The inn's architect was 29-year-old Robert Reamer, an architect for the Yellowstone Park Company, which was affiliated with the Great Northern Railway. Reamer was hired by Harry W. Child, the president of the Yellowstone Park Company, who had met Reamer in San Diego through mutual acquaintances.
With its spectacular log and limb lobby and massive (500-ton, 85-foot) stone fireplace, the inn is a prime example of the "Golden Age" of rustic resort architecture, a style which is also known as National Park Service Rustic. It is also unique in that it is one of the few log hotels still standing in the United States.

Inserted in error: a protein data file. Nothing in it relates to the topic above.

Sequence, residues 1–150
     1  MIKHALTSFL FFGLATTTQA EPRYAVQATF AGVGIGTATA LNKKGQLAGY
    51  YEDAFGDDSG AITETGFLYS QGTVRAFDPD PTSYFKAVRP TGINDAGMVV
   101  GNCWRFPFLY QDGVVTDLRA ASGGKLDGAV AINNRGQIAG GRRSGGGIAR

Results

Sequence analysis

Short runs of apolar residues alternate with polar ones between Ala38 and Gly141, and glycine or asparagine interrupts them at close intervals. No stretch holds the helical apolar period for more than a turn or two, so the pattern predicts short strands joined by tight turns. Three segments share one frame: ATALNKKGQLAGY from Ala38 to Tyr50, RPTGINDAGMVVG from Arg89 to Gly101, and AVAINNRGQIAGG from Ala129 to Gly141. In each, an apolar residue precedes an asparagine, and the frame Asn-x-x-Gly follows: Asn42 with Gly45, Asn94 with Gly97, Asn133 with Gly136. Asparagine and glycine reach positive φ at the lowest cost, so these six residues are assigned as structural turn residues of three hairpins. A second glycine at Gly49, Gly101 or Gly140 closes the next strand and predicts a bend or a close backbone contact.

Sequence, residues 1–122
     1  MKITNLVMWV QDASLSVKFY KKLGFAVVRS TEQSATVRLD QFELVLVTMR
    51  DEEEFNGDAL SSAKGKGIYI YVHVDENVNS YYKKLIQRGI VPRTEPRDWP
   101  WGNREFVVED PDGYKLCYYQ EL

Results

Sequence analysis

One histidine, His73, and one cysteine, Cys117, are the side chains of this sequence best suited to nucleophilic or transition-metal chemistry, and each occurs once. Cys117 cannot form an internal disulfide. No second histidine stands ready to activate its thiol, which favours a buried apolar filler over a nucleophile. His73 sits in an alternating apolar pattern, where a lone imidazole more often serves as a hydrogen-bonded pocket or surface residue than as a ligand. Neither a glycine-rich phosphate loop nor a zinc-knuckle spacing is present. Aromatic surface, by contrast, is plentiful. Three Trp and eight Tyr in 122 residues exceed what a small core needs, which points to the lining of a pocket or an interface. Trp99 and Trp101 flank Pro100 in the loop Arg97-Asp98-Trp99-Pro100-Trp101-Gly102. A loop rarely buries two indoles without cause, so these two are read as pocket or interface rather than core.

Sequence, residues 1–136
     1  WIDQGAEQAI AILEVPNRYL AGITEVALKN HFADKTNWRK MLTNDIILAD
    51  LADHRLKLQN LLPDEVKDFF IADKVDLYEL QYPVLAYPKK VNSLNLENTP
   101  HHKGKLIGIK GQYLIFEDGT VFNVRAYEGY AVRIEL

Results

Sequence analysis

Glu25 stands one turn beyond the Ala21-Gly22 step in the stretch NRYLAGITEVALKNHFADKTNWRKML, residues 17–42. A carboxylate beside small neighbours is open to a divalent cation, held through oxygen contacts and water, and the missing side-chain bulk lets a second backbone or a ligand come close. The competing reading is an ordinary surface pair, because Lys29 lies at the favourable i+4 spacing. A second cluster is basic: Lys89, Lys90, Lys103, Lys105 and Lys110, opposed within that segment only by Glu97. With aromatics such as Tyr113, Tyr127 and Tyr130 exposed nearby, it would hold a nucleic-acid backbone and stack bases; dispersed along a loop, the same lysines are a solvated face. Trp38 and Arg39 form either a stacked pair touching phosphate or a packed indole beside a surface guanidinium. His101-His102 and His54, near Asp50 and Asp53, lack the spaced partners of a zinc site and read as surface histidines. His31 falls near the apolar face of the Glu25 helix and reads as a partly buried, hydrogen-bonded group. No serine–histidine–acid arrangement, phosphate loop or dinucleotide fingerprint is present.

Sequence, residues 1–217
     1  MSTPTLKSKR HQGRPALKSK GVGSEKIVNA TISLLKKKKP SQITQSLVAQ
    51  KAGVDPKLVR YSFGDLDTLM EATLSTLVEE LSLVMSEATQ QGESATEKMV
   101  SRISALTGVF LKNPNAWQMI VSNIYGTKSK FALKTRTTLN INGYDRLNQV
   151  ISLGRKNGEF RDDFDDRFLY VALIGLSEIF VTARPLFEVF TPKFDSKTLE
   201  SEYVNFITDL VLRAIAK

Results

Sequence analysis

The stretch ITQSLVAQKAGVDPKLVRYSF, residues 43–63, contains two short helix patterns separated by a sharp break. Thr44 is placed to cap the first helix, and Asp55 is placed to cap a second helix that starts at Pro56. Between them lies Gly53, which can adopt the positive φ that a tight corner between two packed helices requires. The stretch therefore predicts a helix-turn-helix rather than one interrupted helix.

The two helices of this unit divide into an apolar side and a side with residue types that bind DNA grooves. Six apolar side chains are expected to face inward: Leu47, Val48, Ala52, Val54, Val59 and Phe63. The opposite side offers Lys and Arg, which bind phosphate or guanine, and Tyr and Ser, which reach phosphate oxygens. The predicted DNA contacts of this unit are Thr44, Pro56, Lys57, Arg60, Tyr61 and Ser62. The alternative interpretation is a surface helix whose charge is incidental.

Initial construction was carried out over the winter of 1903-1904, largely using locally-obtained materials including lodgepole pine (the bark was later removed in 1940) and rhyolite stone. When the Old Faithful Inn first opened in the spring of 1904, it boasted electric lights and steam heat.
The structure is the largest log hotel in the world; possibly even the largest log building in the world. In 2007 the American Institute of Architects conducted a survey to determine the 150 favorite buildings in America; the Old Faithful Inn ranked 36. The Inn, which was designated a National Historic Landmark in 1987, is itself part of the Old Faithful Historic District.